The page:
ROCKINGHAM — North Carolina Superior Court Judge Tanya Wallace has served in the field of law for quite some time, and come Aug. 1, that field will be down one less professional.
Wallace announced Thursday morning that she will be officially retiring, effective July 31.
Her journey to this point began at UNC-Chapel Hill in the late ’70s and early ’80s when Wallace attended law school as a Tar Heel, graduating in 1980. After a year as an associate in a private practice in the 30th district west of Asheville, she moved back to the Sandhills area. The judge said she loved it, but her husband Lee got a Master’s degree, and the two made their way to Rockingham.
Three years later, a judge position opened up in the district that included Richmond, Anson, Scotland, Stanly, Union, Moore and Hoke counties, and Wallace was appointed by then-North Carolina Gov. Jim Martin.
In 2008, she ran for a Superior Court position, winning the election — a job she’s held ever since Jan. 1, 2009.
Wallace received 42,617 votes in the 2016 election, running unopposed. Those were the most votes of any District 16A Superior Court judge on the ballot. Her term was supposed to end in 2024, but Gov. Roy Cooper will be charged with appointing her new replacement.
“I’ve had all the years I need to retire with benefits for some time. It’s not as enjoyable with age,” Wallace said when asked why she’s retiring now. “I’ve done everything I can do at this level, at the district court level. I feel like it’s just time now. I have a grandbaby and some other interests so hopefully my time in retirement will be an enjoyable as my time on the bench.”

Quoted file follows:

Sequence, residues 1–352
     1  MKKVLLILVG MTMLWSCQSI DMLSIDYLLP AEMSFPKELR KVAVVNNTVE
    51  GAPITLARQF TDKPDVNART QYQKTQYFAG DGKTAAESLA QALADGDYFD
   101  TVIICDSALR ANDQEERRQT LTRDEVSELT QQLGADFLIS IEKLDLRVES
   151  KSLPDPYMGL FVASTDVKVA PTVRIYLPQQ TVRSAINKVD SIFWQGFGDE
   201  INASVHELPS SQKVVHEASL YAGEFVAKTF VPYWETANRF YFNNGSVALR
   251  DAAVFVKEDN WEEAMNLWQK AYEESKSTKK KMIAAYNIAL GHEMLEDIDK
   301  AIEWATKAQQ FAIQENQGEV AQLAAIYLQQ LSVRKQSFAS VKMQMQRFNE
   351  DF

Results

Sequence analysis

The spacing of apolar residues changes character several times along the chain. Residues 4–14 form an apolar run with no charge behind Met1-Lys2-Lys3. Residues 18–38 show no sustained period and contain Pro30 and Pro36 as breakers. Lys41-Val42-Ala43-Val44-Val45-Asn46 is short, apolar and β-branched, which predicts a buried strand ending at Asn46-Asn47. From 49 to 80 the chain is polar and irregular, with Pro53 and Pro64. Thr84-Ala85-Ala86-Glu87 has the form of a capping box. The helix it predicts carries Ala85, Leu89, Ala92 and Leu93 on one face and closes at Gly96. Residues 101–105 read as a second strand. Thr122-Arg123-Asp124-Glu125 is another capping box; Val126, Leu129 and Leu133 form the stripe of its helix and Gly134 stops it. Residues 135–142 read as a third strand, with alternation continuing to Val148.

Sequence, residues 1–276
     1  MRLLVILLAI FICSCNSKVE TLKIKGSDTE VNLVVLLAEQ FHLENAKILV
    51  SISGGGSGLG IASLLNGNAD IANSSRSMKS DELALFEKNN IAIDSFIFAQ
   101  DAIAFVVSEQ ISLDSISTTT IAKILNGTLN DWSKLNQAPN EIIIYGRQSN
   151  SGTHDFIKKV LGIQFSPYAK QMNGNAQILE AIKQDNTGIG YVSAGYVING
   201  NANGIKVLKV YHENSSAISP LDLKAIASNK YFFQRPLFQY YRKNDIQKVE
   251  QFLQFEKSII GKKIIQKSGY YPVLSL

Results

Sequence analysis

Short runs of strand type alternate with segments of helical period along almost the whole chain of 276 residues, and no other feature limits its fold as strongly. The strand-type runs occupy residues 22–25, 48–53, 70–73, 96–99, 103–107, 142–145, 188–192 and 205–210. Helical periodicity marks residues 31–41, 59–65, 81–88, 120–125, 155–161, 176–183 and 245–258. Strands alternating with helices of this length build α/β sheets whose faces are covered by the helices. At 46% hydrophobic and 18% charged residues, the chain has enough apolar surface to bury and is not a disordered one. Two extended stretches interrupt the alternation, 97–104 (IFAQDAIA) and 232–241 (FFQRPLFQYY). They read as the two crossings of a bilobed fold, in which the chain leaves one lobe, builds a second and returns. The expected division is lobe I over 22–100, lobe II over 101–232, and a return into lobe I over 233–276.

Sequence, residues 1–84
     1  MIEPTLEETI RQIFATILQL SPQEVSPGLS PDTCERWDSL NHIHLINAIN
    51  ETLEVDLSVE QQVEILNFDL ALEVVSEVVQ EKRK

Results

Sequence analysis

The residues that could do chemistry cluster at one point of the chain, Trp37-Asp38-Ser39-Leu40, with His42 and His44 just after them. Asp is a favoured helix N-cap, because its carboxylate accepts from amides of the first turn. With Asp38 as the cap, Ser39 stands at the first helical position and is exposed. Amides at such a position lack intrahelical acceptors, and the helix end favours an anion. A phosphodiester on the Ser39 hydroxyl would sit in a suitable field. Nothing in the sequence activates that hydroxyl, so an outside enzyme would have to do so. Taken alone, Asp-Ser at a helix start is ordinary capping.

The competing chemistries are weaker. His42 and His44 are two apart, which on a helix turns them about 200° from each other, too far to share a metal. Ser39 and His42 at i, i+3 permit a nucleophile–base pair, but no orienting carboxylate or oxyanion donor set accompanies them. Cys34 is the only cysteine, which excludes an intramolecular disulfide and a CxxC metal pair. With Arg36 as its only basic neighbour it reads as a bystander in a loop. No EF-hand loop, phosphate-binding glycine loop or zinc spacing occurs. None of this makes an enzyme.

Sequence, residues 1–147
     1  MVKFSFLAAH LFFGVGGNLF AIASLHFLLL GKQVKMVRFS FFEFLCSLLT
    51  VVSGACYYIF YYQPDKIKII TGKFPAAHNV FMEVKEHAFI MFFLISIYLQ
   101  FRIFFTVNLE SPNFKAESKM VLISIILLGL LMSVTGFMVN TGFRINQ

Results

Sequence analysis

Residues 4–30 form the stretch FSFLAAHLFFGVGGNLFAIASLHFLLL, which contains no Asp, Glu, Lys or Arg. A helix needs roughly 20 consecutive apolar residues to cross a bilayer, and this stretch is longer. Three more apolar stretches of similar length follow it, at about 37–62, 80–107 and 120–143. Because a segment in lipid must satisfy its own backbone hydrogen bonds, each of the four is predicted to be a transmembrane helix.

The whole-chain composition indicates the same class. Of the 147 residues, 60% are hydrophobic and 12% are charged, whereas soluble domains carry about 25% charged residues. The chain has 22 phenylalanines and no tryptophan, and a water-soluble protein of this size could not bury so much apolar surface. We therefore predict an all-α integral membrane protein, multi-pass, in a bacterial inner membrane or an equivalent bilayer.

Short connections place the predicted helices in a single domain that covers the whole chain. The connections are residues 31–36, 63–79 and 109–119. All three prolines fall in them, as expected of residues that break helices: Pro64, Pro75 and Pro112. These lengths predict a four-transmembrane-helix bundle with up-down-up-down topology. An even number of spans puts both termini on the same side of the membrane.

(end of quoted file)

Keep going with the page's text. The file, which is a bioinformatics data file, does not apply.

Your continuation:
One of those things she’s accomplished along the way included becoming the first mother to swear in a daughter — Chevonne Wallace — as a District Court judge, making history in the process.
Although Wallace’s position as N.C. Superior Court Judge has lasted more than a decade and her career more than three, it wasn’t always easy, she said.
“When I was younger, frankly, the jobs for females were generally either teacher or nurse. I knew I couldn’t give anybody an inoculation,” said Wallace. “When in college, I loved American history. My sophomore year, my professor said, ‘All you history majors are gonna end up working at McDonald’s.’ So I taught history, and I got the degree.
“I really think being a teacher is a calling, and at that point, I was not ready to be a teacher at that point in my life,” she went on to say. “I was fortunate enough that my grades allowed me to go to law school. I probably wondered what in the world I was doing there. It was very challenging, but it all worked out fine in the end.”
As a Superior Court Judge, Wallace’s duties for the last 10 years have included handling all civil matters that are more than $25,000 in contest and all felony cases.
“That’s the basics that we’re charged with doing,” she said. “As a District Judge on the bench for 22 years, we handled all family law, child support and juvenile matters. In Superior Court, we have jury trials. In District Court, they only have jury trials in limited matters.”
So after more than 32 years of being a judge, 38 years of serving the State of North Carolina, winning seven elections and representing seven counties in the process, Wallace will call it quits next month.
In the meantime, it’s business as usual.
“I’ve got one big order to get out,” she said. “I’ll still be holding court until the last full week of July.”